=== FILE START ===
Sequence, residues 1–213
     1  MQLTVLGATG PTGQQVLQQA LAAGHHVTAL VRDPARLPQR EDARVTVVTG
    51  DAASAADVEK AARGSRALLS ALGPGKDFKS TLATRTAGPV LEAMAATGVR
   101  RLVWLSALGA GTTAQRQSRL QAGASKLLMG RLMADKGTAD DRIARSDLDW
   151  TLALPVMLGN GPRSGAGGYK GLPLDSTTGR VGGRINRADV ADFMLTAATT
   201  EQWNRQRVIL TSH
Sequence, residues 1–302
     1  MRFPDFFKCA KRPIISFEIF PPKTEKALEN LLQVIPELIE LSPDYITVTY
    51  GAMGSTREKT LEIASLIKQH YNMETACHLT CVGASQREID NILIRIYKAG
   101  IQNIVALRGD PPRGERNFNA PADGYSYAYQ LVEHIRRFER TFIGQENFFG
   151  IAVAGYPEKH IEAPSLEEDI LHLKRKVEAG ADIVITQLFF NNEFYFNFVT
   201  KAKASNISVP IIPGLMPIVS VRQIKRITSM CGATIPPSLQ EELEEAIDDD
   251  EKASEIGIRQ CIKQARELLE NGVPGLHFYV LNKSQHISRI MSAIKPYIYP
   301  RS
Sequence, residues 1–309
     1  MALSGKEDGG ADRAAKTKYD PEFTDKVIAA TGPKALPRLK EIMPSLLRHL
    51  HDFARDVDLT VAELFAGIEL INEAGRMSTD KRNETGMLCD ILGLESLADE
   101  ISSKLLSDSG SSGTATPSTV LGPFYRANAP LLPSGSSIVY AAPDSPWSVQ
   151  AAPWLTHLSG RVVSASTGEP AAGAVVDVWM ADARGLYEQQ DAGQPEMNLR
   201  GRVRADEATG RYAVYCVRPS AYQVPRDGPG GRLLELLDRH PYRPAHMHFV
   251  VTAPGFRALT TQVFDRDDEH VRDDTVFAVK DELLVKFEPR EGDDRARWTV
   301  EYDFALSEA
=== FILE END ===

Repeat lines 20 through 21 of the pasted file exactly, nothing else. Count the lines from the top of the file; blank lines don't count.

   201  GRVRADEATG RYAVYCVRPS AYQVPRDGPG GRLLELLDRH PYRPAHMHFV
   251  VTAPGFRALT TQVFDRDDEH VRDDTVFAVK DELLVKFEPR EGDDRARWTV